Hollywood acknowledges the existence of America’s proto- C.I.A. intelligence agency with this espionage tale of Yanks working with the resistance in occupied France. It’s basic cloak ‘n’ dagger action, with intrepid Alan Ladd and the daring Geraldine Fitzgerald risking life and limb to plant plastic explosive bombs. The details are fairly interesting: Ladd outwits the Gestapo by working with a turncoat inside their ranks. The outcome is grimly realistic, even if that old Paramount glamour is part of the package. The writer-producer is Richard Maibaum, who would later write almost thirty years’ worth of James Bond’s adventures: why, what 007 collector can be without this? With Patric Knowles, John Hoyt, Gloria Saunders, Richard Webb, and Richard Benedict. On Blu-ray from KL Studio Classics.
A big response came in regarding the little neighborhood story about Adriana Caselotti in last Saturday’s CineSavant Column… people from everywhere love that woman, and know a lot more about her than I do. Ken Henderson in Australia wrote to explain that his mother met Ms. Caselotti when she toured Australia, and appeared at the Tivoli, a theater long gone now.
And Trailers from Hell sent me this YouTube link, but didn’t provide the name of the tipster: it’s Adriana Caselotti on The Julie Andrews Show from 1972. She sings a quick medley of ‘I’m Wishing’ & ‘Someday My Prince Will Come’. It’s Ms. Caselotti all right, looking a lot fancier than I remember seeing her — you know, we literally interrupted her watering her garden. The clip certainly makes Julie Andrews seem gracious and appreciative.
And this just came sailing in the door, courtesy of The Film Detective and Wade Williams. It’s Walter Mirisch and Monogram Pictures’ 1951 feature
Flight to Mars, and it’s said to be fully restored in two-color Cinecolor. The trailer at the FD page looks pretty good — I believe it contains every special effect shot in the movie. And we love the trailer narration script that declares that Mars is the only planet that can support life. Ah, how about our planet?
The extras also sound enticing. This ought to be a big improvement on the old DVD (almost anything would be) and I look forward to writing a review. There are still many vintage ’50s sci-fi pictures not available on quality disc… even if they’re not screaming masterpieces.
Thanks for reading! — Glenn Erickson
The Eurocrypt Of Christopher Lee 07/10/21
Charlie Largent takes on Severin’s most prestigious ‘big box’ compilation collection to date, a grouping of several of Christopher Lee’s on the Continent features in mostly excellent, uncut editions. For instance, we’ve seen The Torture Garden of Dr. Sadism many times in feeble quality, cut and dubbed and re-titled; this set practically re-premieres it as Die Schlangengrube und das Pendel, full-length, in gorgeous color and in two languages. The Eight-disc set contains five features, including Lee’s impressive Castle of the Living Dead, plus a TV anthology series, endless expert extras and a full 88-page book by Jonathan Rigby. On Blu-ray from Severin Films.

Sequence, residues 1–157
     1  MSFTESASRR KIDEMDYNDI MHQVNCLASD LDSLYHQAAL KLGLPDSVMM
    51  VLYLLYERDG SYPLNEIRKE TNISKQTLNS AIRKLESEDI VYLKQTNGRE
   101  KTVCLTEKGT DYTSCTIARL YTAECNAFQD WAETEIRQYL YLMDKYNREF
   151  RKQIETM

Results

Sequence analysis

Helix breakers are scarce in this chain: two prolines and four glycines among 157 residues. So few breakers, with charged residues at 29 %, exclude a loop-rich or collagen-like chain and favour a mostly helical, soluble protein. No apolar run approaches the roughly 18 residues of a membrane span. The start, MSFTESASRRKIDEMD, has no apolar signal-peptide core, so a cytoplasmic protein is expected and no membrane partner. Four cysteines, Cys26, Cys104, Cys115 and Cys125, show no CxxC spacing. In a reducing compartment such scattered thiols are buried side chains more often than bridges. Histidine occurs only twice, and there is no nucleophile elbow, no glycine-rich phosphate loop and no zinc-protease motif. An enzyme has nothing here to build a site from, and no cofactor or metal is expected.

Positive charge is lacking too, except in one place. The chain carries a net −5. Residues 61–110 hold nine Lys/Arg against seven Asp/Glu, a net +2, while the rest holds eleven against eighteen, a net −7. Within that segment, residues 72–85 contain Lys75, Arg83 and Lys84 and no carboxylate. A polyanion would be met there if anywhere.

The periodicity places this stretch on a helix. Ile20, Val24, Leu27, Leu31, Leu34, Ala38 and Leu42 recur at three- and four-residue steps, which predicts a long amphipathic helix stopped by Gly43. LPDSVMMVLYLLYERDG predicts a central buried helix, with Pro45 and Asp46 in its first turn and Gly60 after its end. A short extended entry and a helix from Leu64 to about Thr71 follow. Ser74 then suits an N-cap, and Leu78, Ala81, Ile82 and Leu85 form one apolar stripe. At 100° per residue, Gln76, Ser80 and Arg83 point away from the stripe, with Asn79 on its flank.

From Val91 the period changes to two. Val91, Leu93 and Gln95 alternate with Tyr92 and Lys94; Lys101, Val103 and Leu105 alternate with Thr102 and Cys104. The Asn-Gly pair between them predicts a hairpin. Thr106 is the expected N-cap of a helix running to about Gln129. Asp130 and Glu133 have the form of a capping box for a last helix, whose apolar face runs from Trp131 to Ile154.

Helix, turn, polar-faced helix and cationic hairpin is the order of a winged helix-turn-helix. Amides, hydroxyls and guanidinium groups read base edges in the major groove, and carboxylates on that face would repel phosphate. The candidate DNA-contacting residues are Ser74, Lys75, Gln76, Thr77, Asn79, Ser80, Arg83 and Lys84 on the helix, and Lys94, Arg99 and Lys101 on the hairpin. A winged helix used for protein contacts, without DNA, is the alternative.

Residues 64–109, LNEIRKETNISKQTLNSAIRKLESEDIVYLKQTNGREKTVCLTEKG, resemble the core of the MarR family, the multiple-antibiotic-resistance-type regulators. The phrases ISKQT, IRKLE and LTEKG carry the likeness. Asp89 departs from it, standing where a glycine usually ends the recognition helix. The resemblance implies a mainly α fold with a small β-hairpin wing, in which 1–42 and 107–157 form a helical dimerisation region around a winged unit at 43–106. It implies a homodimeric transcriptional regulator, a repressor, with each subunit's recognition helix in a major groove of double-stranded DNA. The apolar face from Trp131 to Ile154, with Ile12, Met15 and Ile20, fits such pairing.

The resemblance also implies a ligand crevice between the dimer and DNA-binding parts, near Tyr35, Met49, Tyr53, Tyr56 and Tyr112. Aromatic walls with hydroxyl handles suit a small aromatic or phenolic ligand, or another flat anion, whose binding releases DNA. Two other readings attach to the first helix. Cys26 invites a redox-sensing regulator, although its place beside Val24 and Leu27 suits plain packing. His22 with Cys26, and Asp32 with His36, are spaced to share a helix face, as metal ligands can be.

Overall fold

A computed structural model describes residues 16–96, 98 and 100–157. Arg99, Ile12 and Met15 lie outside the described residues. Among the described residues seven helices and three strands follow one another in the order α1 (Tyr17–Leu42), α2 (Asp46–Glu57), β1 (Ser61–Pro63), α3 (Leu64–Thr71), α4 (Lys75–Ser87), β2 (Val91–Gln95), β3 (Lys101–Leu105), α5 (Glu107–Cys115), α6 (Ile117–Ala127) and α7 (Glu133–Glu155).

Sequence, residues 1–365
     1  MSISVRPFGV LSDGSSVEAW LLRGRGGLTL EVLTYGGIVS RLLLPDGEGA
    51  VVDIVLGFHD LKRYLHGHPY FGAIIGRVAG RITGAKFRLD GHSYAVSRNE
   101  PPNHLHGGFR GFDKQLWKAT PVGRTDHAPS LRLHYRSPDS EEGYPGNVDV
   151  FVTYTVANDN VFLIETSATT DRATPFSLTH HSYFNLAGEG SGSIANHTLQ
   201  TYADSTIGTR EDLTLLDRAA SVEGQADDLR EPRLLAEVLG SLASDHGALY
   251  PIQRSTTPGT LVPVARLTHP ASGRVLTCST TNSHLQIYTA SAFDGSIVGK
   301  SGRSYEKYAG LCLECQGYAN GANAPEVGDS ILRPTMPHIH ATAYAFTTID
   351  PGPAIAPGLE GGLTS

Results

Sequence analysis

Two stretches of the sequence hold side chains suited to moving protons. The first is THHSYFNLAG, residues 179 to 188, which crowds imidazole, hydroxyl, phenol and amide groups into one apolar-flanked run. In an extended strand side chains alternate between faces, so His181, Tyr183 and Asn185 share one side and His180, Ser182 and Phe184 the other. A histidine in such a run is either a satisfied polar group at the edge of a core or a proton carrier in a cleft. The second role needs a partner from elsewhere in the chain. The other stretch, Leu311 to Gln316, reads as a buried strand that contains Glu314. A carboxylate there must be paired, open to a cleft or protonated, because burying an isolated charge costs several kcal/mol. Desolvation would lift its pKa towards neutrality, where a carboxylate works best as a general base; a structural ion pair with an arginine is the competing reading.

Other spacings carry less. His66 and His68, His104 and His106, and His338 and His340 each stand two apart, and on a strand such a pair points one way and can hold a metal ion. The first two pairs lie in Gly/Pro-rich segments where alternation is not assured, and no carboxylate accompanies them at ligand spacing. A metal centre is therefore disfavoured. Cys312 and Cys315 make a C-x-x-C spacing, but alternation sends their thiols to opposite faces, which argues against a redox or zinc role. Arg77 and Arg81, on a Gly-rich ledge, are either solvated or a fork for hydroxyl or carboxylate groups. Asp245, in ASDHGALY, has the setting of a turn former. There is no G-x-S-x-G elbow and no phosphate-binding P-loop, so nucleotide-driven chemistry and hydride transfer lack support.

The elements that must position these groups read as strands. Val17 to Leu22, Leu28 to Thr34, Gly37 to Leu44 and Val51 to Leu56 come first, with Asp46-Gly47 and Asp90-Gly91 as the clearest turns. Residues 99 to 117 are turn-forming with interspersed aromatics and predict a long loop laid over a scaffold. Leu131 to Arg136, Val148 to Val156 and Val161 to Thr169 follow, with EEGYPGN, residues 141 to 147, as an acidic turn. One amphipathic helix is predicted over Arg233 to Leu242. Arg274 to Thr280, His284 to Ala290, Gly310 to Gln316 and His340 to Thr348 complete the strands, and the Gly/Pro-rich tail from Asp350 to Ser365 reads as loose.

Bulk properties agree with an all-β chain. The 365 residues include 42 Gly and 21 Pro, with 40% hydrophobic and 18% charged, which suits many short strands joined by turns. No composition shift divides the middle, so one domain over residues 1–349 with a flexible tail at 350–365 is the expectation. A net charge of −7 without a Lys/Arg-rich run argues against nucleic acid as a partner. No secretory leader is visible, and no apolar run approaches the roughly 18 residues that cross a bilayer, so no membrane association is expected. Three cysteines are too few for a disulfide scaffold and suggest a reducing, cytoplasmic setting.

In Harm’s Way 07/10/21
Hollywood’s last big all-star war epic in Black & White? Otto Preminger took a happy film company to Hawaii for this enormous saga about the Naval push in the Pacific Theater of WW2, with none other than John Wayne as the competent commander leading the charge. Soap-opera scenes aside, it’s a thrilling epic directed with Preminger’s well-known reserve. The star-gazing isn’t bad either — Kirk Douglas! Patricia Neal! Henry Fonda! Paula Prentiss! The finish is a huge naval battle with impressive live-action special effects, and given a moody music score by Jerry Goldsmith. On Blu-ray from Paramount Viacom CBS.
A short note today, mainly because relatives are in town, and terrific Column items haven’t been flying in the door. We took a walk after eating a few nights ago and someone said, ‘What about the wishing well lady,‘ that we went by when we were kids, the one that sang to us?’ Somewhere around 1981-1985 we were told that the little, old-fashioned decorative well in a particular front lawn was the home of the singer who sang for Snow White in Walt Disney’s original Snow White and the Seven Dwarfs, over forty years before. So we walked down the street to see if the well was still there. It was behind a fence and a hedge. Since I’m not giving out any address or directions here, I feel safe in posting the photo we took.
Back in the 1980s when the kids were tiny we had this habit of similarly walking around the neighborhood on Easter morning, when we were all dressed up. On this one morning we went looking for this well, found it and read a little sign pinned to the well, that may have simply read, ‘I’m wishing.’ The lady was standing right there — she immediately put down her garden hose and sang a full set of measures of the famous song. Our four-year-old was delighted, as she was hip to the gag, so to speak — she’d seen the movie and had the cassette of the music. The nice lady didn’t talk to us — it was apparently her custom to sing but not to engage in conversation, at least not with people like us that didn’t force ourselves on strangers.
We swung back the next year almost by accident, to see if the well was still there. I think I was halfway through saying, ‘I guess we didn’t get lucky this y– ‘ when the door popped open and the elderly lady came out singing, in the same warbling, high-note style. It was almost like a cuckoo clock — she popped out, sang her song and popped back in, with a smile. We were again charmed.
We caught her name in the newspaper once, which explained the story of how she was hired by Disney. The article made it look as if she’d gotten a raw deal. The wiki link for Adriana Caselotti isn’t so harsh, yet it seems that her contract with Disney did curb her performing career — she couldn’t sing as Snow White anywhere else.
So Ms. Caselotti’s memory remains something of a local legend here, in a place where one can run into familiar performing faces even when one is not looking. She sang to my kids and made them feel special, so thinking of her will always make me smile.
Thanks for reading! — Glenn Erickson